I have this long running conjecture that used book stores are superior to commercial book outlets (including Amazon) for discovering books. One of the reasons for this I think has less to do with a skewed explore/exploit strategy, and more to do with the way exploratory suggestions are sourced. I think financial pressure skews exploratory search suggestions towards oversampling newer books rather than older adjacent books. I get that though; oversampling newer books is a simple way to help combat the rich getting richer trap. The problem is that I’m biased against new books; I think they’re mostly noise. Used books stores on the other hand are curated by humans for other humans (who probably live nearby). If I ask for a book that’s like “x” they’re not going to point me to the newer version of “x”, they’re going to show me books “y” and “z”. There are additional reasons that go beyond just oversampling newer books which I’ll touch on later. I’ll also admit that all the supporting evidence I have is completely anecdotal, but still, when I want a new book I don’t pull out my phone, I walk down the street to the used book store.
I’ve been casually thinking about how a book recommender could reflect the used book store experience for a while now. This first attempt is still a bit rough around the edges, but I think it captures some of what I’m after. It initially started out as roughly 100M book reviews that were then distilled into basic reading preferences. I then rode the Pareto frontier between latent representation and model accuracy for about a month before I landed on what you see below. Books closer together indicate a stronger favorability. Enjoy! (make sure to go click the full screen button)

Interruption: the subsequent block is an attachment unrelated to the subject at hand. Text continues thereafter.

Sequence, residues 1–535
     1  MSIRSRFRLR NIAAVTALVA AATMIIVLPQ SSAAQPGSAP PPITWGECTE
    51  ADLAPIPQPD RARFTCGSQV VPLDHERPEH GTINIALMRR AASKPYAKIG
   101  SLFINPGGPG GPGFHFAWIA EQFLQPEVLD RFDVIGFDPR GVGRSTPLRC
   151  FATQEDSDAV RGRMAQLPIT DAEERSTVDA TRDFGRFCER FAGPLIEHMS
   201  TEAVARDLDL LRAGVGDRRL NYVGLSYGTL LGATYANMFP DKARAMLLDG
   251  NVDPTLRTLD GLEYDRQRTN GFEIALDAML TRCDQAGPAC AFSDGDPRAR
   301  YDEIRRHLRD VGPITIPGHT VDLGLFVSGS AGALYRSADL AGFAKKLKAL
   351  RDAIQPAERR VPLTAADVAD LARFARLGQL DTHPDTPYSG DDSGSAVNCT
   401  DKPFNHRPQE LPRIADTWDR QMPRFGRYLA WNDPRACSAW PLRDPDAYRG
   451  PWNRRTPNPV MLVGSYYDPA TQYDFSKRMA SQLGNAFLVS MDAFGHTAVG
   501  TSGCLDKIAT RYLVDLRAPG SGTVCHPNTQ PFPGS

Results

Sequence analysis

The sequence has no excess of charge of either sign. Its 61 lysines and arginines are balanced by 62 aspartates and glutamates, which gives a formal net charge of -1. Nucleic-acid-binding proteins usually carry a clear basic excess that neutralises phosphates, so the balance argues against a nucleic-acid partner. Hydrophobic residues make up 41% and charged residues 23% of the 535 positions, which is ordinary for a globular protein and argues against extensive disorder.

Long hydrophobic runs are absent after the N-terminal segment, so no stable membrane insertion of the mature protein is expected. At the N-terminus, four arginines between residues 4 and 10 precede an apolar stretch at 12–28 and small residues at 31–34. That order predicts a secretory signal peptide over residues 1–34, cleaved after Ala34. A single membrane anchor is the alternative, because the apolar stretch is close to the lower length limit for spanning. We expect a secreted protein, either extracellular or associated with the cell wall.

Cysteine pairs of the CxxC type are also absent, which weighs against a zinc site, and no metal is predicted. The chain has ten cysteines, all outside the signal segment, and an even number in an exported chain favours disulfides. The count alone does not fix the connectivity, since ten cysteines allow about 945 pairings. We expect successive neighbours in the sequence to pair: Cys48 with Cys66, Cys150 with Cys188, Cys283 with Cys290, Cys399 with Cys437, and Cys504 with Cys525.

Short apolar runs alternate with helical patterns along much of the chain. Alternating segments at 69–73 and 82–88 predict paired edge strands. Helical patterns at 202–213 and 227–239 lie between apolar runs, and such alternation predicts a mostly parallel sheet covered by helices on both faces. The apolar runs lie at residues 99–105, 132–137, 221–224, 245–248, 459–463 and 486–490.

I think one of the key drivers fueling the high discovery rate at used book stores has to do with the layout. All of my favorite used book stores are located in old buildings that have lots of nooks and crannies. It’s this fractal approach to book layout that I think encourages exploration into areas you wouldn’t explicitly seek out otherwise. This “nooks and crannies” feeling was a major attribute I was trying to recreate with this first iteration.
Below, you’ll find a selection of the most common genres. Each book and its assigned genre are represented once as a single point. Keep in mind that the model has absolutely no understanding of authors, genres, book descriptions, vocabulary, or plot lines. It simply knows which books people liked more than others. Each cluster represents a collection of books which have a higher than expected favorability amongst a subset of readers. A large genre such as Science-fiction can include many clusters each representing a different pocket of interest within that genre. A genre that consists of one cluster with sharp, well defined borders (such as Romanian-literature or Christian-fiction) indicates a readership with more focused interests.
In most clustering situations, crisp, well defined borders are the desired outcome. Points which fall outside of these boundaries are usually seen as a nuisance (customer segmentation amiright?). In this particular situation though, the books which fall between multiple clusters actually represent something rather interesting. They’re books that strongly capture multiple readerships (or they capture a smaller, more diffused readership).
A few years ago, I scraped a little over 100M book reviews spread across 505k unique users and 6.97M books. In order to reduce the potential influence of spam reviews I took the following measures: